In the wake of hurricanes Harvey and Irma, countless Texans are in need of new homes -- but the task, of course, is easier said than done. For various reasons, including the high demand for contractors, there is now a massive shortage for construction workers in the industry.
This high demand certainly raises the stakes when it comes to supplying families and business with the shelter they need to get back to their normal lives. Roofing is already known as a dangerous job on its own, but in these recent crucial circumstances, that danger can become all the more prominent when workers feel rushed or pressured to complete projects quickly. Looking at the statistics and becoming more knowledgeable about the risks alone can prevent dangers down the road.
Safety magazine EHS Today shared a construction study that ranged from 1992 to 2009, revealing the results that one third of construction fall fatalities were from roof falls. The study indicated that those facing the highest risks for fatal falls were those in small companies, residential and immigrant construction workers. While the study may open the door for more questions than answers, it also found that most of these accidents occurred in the South.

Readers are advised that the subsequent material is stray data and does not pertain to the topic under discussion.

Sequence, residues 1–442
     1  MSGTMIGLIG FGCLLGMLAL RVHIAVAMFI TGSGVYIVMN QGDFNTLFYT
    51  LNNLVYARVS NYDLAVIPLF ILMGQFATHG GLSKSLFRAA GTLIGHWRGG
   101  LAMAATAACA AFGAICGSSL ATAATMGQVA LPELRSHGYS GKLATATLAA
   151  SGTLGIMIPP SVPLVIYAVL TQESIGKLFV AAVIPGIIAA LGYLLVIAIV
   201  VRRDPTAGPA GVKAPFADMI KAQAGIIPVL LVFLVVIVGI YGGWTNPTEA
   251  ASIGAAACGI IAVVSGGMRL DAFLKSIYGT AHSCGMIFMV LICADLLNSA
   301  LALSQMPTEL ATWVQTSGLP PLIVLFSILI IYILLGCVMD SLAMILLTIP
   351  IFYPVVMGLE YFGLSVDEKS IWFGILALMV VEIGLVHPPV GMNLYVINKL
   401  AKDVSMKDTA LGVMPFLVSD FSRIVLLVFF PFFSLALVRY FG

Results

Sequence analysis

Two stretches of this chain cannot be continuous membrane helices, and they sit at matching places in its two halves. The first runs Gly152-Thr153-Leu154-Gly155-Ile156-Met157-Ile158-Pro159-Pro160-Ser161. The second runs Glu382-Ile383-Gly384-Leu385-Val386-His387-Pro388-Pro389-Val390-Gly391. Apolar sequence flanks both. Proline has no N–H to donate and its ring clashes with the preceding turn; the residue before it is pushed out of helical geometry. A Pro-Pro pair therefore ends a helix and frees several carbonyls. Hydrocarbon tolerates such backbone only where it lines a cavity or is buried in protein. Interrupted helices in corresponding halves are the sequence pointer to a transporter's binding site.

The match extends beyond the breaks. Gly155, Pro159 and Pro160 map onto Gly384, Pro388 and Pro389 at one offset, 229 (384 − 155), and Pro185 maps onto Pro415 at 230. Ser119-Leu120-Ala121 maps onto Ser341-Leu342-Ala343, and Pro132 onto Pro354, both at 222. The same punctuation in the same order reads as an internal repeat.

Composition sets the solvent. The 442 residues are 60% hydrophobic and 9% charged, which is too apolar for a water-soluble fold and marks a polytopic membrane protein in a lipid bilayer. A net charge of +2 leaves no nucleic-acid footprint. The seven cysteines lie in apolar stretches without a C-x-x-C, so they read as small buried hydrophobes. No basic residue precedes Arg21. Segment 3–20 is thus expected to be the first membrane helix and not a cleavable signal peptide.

Occupational Health and Safety also recognizes this serious issue in the construction industry, turning to recent efforts from organizations such as the Center for Construction Research to promote awareness. OHS adds that, almost every work day in America, a construction industry employee dies from a fall while on the job. Yet despite these sobering numbers, many contractors, safety programs and labor unions have collaborated to help spread awareness about the risks. In doing so, organizations such as these have the potential of preventing worker falls and saving lives.